Will Native Americans be left out of conversations about racial injustice?

Will Native Americans be left out of conversations about racial injustice?
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While the murder of George Floyd at the all-too-familiar hand of police brutality has created much needed discussions on the continuing racial disparities in America, Native Americans are left to wonder, will we get left out of this important conversation as well? 

While some folks would question whether anyone would give the time of day to hear grievances from such a small group, I challenge those skeptical; Our small population and our voices — not always heard — are the very reason as to why our voice should be heard just as loud.

Throughout our nation’s history, racial inequality has hit our tribal nations the hardest. From the inception of the United States, native people have had to face unprovoked attacks from the American military again and again, endure the manifest destiny philosophy of American territorial expansion that removed us from our homelands, to the stealing of our children and taking them to government boarding schools in attempts to eliminate the essence of our cultural heritage. Of course, there’s the ongoing racial disparities many tribal members face today in the forms of poverty, health disparities and inadequate housing. 

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Towns that line Indian reservations are the site of repeated attacks. An eighth-grade member of the Chippewa Nation was gunned down by police for allegedly having a “knife” on his person, a 21-year-old Navajo man was shot by police in Farmington, New Mexico for a domestic violence call, 39-year-old member of Chippewa Cree Tribe of Rocky Boy was shot by Poulsbo Police in Washington state, just to name a few. According to the Center on Juvenile and Criminal Justice, Native Americans are most likely to die at the hands of law enforcement. Unfortunately, it seems Native people are more than overrepresented when it comes to the amount of times we have to deal with police brutality.

COVID-19 has highlighted the inequalities that persist in Indian Country today. The pandemic ravaged tribal nations and communities like the Navajo Nation, which has seen 6,110 positive cases of COVID-19. According to the Indian Health Service (IHS) Navajo Service, 277 deaths have been reported as of June 9.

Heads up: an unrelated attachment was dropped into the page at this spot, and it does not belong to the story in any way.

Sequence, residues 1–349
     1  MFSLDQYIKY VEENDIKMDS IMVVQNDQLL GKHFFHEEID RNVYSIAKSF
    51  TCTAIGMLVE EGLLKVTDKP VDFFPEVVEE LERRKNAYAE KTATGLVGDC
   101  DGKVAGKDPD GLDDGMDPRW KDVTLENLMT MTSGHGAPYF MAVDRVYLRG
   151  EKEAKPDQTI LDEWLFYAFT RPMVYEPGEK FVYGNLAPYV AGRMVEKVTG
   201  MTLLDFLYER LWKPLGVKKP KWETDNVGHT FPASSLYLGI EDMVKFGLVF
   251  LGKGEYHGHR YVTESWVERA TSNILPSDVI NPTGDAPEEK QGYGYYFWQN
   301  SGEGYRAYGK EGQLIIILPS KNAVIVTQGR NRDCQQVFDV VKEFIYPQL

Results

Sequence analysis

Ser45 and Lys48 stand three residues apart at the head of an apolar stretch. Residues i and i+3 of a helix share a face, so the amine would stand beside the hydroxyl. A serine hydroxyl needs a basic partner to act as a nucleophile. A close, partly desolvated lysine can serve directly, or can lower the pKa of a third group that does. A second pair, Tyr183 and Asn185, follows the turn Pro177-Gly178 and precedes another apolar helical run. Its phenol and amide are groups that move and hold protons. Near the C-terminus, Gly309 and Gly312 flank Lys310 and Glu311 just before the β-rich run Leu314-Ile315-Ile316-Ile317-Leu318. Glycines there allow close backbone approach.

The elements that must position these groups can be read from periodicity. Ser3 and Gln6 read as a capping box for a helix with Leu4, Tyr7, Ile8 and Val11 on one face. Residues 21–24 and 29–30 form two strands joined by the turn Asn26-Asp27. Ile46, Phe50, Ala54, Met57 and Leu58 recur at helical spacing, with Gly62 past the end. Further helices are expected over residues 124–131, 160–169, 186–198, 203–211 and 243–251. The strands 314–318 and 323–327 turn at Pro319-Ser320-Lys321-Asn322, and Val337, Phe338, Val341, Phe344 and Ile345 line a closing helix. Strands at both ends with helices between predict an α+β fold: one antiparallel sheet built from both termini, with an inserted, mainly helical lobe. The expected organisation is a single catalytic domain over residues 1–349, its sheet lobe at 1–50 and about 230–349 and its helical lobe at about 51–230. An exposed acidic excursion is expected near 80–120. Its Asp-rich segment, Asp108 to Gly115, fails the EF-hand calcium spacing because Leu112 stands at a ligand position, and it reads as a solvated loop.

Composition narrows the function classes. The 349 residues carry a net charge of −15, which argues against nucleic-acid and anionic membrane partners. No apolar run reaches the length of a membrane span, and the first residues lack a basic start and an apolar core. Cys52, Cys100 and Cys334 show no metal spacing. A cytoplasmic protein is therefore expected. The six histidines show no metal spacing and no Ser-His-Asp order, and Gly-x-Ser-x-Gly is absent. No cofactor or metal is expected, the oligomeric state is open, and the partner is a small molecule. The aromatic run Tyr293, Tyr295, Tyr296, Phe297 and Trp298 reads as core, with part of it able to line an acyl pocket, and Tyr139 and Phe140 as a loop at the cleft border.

Since March, tribal nations have had to directly confront the onslaught of the coronavirus crisis head on. Unfortunately, tribal governments themselves were forced to implement incredibly restrictive travel orders and curfews in order to curtail the rapidly spreading and infectious COVID-19. Some medical centers like government-run IHS facilities are at full capacity and are dealing with what to do as the number of tribal members who are COVID-19 positive grows. Being “wards of the federal government, you have everything you need” as I keep hearing from my border town neighbors of European descent, but which federal government? One might think it would be a federal government belonging to a third world nation. As with everything, once again tribes are forced to do more with what little resources we have, feeling as though it was designed to fail.

Lack of resources, lack of medical equipment, lack of access to adequate medical services, lack of food, lack of water and lack of the basic necessities of life takes its toll. The land of opportunity doesn’t seem so substantial when it comes to the first people of this country. We do our best to make things work, as we always have. Mix in the draconian measures implemented to take away our freedom of movement as tribal members and we’re left with pent up anger and animosity — all of which have a boiling point. With a coronavirus crisis looming, all it took was another instance of police brutality — the killing of George Floyd —  and the protests that followed for Natives to say, “now the country can feel our pain as an oppressed people.”

Prayers from Native Americans go out to the family of George Floyd and other families who have lost a loved one due to police brutality. The pain and fury that resulted in the protests afterwards is only natural in the face of systemic racial disparagement — the oppressor kneeling on the oppressed.

I believe I can speak for a number of tribal members when the question is asked of us, “Who killed George Floyd?” We simply answer, everything and everyone that contributes to ongoing institutional discrimination.

Ryan Benally works with the Tribal Adult Education for tribal members to have equal access to education He continues to work closely with local tribes and entities such as the Utah Navajo Trust Fund, Red Mesa Chapter (Navajo Nation) Veteran Organization, and recently with the Utah Farmer’s Feeding Utah Navajos project and is a lifelong citizen of the Navajo Nation in Montezuma Creek, Utah.